If Wile E. Coyote had one of these rocket engines strapped to his back, he might just have caught that pesky Roadrunner. Alas for the cartoon critter, SpaceX and not ACME devised the Merlin 1D, which the commercial spaceflight company is billing as the most efficient booster rocket engine ever built.
Luckily for us, there’s footage of the Merlin 1D test firing for 185 seconds at the SpaceX rocket development facility in MacGregor, Texas (see video below) and it’s anything but a cartoon. The rocket engine is an upgrade of the Merlin 1C boosters that have lifted three SpaceX Falcon 9 rockets carrying Dragon capsules into space, including last month’s successful and history-making rendezvous with the International Space Station.
This week’s test firing of the Merlin 1D generated 147,000 pounds of thrust, “the full duration and power required for a Falcon 9 rocket launch,” according to DiscoveryNews.
The next generation of Falcon 9 rockets will be powered by nine Merlin 1D engines that can generated about 1.5 million pounds of thrust during launch, the site reported.
“This is another important milestone in our efforts to push the boundaries of space technology. With the Merlin 1D powering the Falcon 9 and Falcon Heavy rockets, SpaceX will be capable of carrying a full range of payloads to orbit,” SpaceX co-founder and chief executive Elon Musk said in a statement after the engine test.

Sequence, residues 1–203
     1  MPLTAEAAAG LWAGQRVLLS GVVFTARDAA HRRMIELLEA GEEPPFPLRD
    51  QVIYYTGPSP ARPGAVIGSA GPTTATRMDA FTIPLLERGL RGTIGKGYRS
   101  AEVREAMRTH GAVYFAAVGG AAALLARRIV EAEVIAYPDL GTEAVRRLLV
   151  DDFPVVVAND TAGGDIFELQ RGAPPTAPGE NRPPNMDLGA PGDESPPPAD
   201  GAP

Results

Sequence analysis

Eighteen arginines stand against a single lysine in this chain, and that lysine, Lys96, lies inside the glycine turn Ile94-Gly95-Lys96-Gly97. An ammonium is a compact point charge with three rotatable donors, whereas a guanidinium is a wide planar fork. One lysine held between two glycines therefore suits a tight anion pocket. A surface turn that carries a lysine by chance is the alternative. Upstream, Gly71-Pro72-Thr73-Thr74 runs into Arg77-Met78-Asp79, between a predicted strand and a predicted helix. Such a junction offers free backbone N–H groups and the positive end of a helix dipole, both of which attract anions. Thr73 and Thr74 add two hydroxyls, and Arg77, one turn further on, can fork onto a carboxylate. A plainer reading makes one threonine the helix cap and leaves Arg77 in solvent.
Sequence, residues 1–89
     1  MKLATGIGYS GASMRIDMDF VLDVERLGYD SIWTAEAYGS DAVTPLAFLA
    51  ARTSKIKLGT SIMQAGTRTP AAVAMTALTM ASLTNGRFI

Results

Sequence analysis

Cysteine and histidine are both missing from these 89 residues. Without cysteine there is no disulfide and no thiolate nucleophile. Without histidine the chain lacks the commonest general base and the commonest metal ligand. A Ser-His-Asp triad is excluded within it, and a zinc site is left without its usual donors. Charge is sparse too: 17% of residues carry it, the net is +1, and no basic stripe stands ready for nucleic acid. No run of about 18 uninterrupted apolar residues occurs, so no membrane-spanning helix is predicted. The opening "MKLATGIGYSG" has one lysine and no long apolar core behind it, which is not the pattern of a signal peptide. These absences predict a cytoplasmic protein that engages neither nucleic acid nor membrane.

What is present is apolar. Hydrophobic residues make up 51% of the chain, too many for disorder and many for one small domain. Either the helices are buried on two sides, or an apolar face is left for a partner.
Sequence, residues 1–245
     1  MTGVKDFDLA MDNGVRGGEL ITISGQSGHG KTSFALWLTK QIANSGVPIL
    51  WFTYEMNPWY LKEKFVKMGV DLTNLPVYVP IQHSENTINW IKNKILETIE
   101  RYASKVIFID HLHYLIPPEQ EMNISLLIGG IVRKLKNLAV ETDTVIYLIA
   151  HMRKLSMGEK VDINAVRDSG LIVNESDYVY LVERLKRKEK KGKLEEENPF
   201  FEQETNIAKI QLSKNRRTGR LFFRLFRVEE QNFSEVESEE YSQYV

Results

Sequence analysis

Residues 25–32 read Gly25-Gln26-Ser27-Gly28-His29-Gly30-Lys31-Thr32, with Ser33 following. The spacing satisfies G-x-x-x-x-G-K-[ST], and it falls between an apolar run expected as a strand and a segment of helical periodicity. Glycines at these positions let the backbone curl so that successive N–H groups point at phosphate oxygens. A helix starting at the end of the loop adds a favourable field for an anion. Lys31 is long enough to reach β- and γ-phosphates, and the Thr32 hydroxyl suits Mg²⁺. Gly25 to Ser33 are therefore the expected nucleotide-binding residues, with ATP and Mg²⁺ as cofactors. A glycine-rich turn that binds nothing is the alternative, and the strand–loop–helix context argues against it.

In May, SpaceX became the first commercial company to send a spacecraft on a docking mission to the ISS. Nine Merlin 1C engines sent the company’s Dragon capsule on its way on May 22 following an aborted launch from Cape Canaveral in Florida on May 19.
The SpaceX Dragon capsule, carrying about 1,200 pounds of supplies for the ISS crew, was captured by space station’s Expedition crew on May 25 following a journey that took three days, six hours, and change. The spacecraft departed the space lab, de-orbited and splashed down in the Pacific Ocean on May 31.
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